DA- Queen Elizabeth I clearly never said it, she wouldn't admit to such a thing would she? She was supposed to be -a Virgin Queen?

FC- Well, she found that it was much better to remain officially unmarried because then various statesmen and foreigners could hope there might be an alliance. But she realized that as long as she remained the head of the state, because in those days the Queen was the Prime Minister, then she would have no man dominating her.

DA-Is there any evidence from the time of people; in letters or in documents that have come down suggesting that she had this son and it was Francis Bacon?

FC-Well, this is where I can turn to A .L.Rowse. In his book, "The Elizabethan Renaissance" ,which is a book that I can recommend - it is a marvelous encyclopedia of knowledge about Elizabethan politics and culture - in Volume 1 he said "Of course in the country and abroad people talked about the Queen's relations with Leicester. In 1581 Henry Hawkins said that 'my lord Robert hath had five children by the Queen and she never goeth in progress but to be delivered'. Other such references occur in the State Papers." Others who went on record of saying that Elizabeth had children by Leicester:Ann Dow,imprisoned, Thomas Playfair,who said that Elizabeth had two children; he was imprisoned, Robert Gardener,who was pilloried and Diana Derek,who was pilloried.

DA- So let's assume for the sake of the argument that Elizabeth had children and Francis Bacon was one of them; he was singled out above the others was he for honours?

FC- Well the only two we know of that there is evidence for are Essex and Francis Bacon; and Essex and Francis Bacon were to start with close friends.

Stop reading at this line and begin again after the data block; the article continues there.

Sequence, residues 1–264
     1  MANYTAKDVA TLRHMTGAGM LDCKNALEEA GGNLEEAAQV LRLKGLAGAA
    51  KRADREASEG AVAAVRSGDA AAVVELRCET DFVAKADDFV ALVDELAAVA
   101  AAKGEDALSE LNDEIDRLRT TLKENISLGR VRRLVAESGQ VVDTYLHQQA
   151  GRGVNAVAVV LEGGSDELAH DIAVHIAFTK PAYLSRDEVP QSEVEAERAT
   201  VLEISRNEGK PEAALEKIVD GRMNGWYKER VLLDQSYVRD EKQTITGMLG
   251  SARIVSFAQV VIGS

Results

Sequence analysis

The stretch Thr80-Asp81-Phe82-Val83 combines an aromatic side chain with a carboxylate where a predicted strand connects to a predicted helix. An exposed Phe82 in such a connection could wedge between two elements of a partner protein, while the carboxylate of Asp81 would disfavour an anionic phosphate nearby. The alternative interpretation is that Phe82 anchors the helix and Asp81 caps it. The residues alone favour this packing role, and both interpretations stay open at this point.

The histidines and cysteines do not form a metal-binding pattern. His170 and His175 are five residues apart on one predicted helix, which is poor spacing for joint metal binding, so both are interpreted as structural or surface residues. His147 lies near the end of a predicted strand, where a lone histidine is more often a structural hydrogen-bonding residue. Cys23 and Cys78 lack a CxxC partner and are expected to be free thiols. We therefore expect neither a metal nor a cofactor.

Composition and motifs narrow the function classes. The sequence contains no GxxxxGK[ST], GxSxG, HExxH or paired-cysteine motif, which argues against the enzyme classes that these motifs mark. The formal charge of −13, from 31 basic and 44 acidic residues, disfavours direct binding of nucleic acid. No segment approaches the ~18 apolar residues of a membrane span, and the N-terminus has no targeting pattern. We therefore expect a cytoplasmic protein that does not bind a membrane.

DA- Tell us about Bacon, I mean he was obviously an intellect, he traveled a lot.

FC- Francis Bacon is the greatest polymath, that is to say expert in many subjects; that England has produced. To ask people to believe that this man,William Shakespeare,who left school probably at age 13, if he did go to school at all, was the polymath of the age is to ask people to accept the impossible.

DA- We are always told when I was at school, that he got his plots from elsewhere) and you could actually check where he got his plots from; they were quite well known of the time stories which he got hold of himself and added to.

FC- In addition to having a plot you need to be a genius to write a play comparable to those of Shakespeare.

DA- Of course, but then there is nothing to stop a humble lad being a genius is there, just can he express himself ?

FC- Well this is it. If geniuses could express their genius and be known as geniuses,we would have geniuses appearing in countries where there was no education.

DA- But I will put it to you that you may have this character of Shakespeare who grew up reasonably humbly, went to Grammar School, got a good education, was very bright and was very open to the world around him and did quite a bit of reading and because he had this immense literary flair, to put it no higher, he could write these wonderful plays. Now what's the argument against that?